• Giving workers a right not to be unfairly dismissed from the first day of work (scrapping the current two-year qualifying period). This would be a major change leading to a far greater number of people having the right to bring an unfair dismissal claim, particularly with the right to bring an unfair dismissal claim also being extended to people currently classified as workers.

    Revised proposals suggest there may be exceptions to this in relation to probationary periods. There is a suggestion that dismissals would still be fair if carried-out during ‘probationary periods with fair and transparent rules and processes.’ Employers may want to review their contracts to ensure they have clear, flexible and lengthy probationary periods. 
  • Removing the three day ‘waiting period’ before statutory sick pay (SSP) is payable. This means workers would qualify for SSP from their first day of absence rather than their fourth as is currently the case. The lower earnings limit would also be removed.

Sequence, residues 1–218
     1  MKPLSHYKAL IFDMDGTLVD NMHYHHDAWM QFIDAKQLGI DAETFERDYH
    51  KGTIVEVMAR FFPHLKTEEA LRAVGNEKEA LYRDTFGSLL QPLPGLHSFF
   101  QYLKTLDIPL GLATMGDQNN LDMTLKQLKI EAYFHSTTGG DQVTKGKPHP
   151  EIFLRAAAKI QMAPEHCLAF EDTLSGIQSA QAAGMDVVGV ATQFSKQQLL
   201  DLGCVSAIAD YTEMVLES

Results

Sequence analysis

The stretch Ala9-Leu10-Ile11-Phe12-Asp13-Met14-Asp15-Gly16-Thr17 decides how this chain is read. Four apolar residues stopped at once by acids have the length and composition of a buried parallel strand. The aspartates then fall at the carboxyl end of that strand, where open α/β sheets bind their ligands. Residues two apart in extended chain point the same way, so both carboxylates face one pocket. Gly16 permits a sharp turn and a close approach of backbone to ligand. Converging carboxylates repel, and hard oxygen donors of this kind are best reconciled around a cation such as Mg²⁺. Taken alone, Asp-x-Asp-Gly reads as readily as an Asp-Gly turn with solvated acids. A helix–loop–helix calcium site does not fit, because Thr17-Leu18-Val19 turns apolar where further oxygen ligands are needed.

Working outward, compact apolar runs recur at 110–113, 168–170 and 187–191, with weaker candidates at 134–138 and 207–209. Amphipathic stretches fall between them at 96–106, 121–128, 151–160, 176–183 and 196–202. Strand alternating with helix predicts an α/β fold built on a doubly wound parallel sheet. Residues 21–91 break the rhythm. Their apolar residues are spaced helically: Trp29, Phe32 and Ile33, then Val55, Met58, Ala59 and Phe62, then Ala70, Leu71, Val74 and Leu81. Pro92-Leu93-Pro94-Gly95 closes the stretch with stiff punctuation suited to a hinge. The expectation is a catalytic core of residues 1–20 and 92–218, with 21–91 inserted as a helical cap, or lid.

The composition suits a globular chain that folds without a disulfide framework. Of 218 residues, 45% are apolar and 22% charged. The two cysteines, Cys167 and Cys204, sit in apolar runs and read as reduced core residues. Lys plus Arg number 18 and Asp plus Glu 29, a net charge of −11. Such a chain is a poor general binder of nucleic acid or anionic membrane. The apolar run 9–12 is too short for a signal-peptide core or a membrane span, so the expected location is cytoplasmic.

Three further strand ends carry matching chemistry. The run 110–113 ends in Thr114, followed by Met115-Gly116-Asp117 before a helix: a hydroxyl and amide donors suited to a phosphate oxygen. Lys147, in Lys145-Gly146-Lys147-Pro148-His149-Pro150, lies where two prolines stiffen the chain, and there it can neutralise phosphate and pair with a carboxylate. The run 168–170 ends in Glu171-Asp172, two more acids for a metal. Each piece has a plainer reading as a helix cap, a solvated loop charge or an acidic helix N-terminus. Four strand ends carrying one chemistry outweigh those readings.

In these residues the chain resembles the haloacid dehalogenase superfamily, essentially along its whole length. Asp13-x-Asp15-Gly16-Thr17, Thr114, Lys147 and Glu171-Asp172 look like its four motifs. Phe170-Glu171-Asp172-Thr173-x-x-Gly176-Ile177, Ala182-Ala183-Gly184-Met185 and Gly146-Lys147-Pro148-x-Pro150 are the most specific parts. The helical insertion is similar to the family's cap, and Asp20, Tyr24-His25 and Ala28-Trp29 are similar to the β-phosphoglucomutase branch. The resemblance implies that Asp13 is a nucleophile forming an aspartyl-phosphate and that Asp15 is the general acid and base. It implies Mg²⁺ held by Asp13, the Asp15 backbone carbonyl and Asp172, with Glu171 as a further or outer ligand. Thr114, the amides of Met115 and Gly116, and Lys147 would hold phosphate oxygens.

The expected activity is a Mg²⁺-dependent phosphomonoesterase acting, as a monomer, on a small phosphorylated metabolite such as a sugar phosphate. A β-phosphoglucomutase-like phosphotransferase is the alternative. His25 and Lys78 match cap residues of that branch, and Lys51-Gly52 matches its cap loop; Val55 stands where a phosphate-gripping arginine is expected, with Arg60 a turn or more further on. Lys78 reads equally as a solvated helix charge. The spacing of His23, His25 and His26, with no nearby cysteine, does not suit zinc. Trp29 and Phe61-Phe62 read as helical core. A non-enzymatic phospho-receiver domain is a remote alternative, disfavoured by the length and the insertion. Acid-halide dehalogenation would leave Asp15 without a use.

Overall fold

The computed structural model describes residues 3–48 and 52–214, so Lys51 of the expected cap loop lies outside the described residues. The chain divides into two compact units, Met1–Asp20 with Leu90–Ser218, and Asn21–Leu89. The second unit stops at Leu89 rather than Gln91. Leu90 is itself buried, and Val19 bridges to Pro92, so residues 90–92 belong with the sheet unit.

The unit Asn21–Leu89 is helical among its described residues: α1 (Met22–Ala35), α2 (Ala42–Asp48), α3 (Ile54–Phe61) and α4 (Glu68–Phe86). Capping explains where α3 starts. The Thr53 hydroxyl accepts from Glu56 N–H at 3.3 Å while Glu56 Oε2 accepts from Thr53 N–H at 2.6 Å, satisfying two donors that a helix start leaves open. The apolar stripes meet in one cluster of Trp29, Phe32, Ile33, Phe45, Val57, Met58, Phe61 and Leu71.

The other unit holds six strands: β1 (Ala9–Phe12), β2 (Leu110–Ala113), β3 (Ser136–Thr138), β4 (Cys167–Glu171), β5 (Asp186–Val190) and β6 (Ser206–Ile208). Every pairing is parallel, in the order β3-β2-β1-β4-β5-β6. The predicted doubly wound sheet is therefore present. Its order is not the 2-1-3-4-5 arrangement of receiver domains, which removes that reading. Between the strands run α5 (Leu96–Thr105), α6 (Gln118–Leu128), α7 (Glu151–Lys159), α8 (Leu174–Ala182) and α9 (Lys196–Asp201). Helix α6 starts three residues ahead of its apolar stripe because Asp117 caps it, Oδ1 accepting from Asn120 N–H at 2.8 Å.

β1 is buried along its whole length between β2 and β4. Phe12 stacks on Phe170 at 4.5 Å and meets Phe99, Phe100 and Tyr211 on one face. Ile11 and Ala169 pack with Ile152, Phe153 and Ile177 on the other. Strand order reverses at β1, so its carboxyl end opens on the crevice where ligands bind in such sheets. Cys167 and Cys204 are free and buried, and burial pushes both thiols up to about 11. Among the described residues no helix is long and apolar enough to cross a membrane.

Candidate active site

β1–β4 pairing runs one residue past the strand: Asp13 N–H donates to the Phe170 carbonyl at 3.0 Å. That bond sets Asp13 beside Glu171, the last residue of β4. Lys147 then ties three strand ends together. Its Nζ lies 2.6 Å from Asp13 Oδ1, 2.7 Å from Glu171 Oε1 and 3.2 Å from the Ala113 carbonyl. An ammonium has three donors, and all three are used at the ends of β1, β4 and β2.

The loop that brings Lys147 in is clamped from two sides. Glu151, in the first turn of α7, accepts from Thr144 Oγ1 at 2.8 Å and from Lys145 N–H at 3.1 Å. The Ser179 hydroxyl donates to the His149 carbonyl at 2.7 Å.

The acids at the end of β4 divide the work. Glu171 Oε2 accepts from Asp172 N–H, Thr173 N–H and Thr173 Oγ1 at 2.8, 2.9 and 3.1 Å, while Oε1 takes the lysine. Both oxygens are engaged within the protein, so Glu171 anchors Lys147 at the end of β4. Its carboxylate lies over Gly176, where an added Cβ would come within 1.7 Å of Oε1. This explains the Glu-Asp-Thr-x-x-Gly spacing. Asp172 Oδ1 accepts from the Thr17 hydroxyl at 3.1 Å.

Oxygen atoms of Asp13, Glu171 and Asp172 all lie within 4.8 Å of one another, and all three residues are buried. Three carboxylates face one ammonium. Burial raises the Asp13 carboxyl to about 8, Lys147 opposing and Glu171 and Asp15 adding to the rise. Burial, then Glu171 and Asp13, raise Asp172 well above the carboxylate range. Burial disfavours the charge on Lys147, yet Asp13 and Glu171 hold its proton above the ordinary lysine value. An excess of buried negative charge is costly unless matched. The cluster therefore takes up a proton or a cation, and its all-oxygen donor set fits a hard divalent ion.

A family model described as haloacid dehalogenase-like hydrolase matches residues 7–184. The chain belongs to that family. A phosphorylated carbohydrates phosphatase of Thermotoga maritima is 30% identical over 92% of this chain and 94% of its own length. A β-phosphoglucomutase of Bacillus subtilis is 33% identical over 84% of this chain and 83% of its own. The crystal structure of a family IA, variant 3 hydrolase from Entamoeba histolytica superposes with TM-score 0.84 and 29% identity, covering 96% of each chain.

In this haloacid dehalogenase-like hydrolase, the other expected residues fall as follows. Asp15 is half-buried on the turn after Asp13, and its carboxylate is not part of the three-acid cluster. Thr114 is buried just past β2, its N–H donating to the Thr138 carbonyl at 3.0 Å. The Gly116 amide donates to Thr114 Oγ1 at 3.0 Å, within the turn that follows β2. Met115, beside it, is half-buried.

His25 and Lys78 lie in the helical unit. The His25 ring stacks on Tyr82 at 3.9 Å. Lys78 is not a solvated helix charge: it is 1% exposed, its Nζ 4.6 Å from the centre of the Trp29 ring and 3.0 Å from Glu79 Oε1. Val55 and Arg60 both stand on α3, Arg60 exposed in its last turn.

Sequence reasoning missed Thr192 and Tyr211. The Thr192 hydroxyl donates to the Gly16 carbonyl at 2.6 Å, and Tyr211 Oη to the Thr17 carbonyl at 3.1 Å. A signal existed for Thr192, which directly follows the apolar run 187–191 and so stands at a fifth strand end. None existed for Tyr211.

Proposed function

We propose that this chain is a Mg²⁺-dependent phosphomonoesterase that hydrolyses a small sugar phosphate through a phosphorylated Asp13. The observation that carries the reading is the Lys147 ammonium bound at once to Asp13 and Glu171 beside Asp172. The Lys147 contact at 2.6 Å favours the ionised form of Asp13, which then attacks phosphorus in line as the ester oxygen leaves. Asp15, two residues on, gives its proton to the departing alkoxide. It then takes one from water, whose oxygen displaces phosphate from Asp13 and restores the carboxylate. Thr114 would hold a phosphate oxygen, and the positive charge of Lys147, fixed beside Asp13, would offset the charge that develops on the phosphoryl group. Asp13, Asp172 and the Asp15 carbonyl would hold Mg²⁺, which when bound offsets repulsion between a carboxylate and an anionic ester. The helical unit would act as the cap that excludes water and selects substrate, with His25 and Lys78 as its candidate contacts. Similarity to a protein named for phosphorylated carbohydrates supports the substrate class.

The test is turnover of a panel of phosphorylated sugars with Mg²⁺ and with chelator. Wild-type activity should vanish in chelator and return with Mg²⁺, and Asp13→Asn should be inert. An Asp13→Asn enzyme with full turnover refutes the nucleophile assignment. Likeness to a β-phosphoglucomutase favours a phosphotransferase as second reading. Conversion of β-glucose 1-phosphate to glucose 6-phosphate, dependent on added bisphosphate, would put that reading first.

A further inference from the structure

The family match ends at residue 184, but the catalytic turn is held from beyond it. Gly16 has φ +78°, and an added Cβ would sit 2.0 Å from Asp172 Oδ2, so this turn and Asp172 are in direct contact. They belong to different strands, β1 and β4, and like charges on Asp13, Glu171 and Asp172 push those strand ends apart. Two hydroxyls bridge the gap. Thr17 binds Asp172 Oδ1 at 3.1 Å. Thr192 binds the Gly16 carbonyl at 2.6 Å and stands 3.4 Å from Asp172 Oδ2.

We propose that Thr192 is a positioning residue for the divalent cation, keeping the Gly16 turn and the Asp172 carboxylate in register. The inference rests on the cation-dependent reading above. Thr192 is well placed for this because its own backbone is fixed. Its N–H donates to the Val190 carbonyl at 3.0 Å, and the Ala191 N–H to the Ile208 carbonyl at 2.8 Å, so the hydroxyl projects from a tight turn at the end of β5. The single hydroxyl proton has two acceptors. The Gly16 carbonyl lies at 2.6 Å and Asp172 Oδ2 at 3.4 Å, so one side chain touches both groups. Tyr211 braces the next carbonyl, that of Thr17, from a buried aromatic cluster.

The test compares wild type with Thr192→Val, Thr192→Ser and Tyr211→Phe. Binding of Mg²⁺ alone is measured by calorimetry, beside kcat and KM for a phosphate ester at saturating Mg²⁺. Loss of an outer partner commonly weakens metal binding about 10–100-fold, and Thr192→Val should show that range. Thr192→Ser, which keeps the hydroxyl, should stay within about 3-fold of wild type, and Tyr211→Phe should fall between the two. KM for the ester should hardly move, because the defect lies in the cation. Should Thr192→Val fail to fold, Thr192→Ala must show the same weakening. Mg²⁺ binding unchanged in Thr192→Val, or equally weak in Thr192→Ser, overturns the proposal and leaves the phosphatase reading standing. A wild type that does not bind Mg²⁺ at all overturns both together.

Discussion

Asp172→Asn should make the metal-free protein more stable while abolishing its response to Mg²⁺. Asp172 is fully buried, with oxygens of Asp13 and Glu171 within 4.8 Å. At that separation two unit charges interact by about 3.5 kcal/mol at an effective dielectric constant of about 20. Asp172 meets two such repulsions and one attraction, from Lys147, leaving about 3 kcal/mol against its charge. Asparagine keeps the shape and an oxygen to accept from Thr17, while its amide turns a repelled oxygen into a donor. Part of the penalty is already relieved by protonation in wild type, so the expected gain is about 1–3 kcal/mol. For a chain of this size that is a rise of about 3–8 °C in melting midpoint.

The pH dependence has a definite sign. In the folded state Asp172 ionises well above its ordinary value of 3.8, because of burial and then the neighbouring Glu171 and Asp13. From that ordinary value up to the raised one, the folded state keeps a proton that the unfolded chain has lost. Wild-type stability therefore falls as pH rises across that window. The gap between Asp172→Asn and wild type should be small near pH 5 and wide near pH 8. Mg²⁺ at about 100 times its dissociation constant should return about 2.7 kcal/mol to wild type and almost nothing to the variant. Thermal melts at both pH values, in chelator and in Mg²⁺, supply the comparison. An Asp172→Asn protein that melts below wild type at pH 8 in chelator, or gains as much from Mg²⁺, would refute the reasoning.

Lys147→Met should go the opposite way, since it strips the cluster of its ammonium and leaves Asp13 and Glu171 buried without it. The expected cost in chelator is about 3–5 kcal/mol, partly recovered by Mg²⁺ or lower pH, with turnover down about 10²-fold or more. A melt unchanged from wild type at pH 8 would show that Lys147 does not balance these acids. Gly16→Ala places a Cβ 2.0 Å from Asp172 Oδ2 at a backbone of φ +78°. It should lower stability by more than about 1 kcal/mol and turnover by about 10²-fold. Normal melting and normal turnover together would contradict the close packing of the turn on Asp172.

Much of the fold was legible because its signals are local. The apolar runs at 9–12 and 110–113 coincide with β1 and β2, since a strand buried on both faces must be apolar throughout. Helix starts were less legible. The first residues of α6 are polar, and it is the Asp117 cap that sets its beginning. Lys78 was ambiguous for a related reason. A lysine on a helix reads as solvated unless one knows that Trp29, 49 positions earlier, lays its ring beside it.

• A new ‘right to disconnect’ - giving workers the right to disconnect from work outside of working hours and not be contacted by their employer. This would follow the lead of some European countries like Ireland and Belgium.  Although it now appears that this pledge has been diluted somewhat. It is expected that workers would have the right to constructive conversations on the topic with management to develop approaches that work for the business, rather than a blanket right to disconnect.
  • Making flexible working the default from day one for all workers, except where it is not reasonably feasible. Full details of what is being proposed are not clear, but this could be a significant change from the current position where the right is to request flexible working, as opposed to flexible working being the default position.

Family-friendly rights

  • Making parental leave a day one right. There is currently a one-year qualifying period for parental leave. Parental leave gives parents the right to take up to 18 weeks’ leave – at the rate of up to four weeks’ a year – for each child over the course of their childhood. Parental leave is unpaid.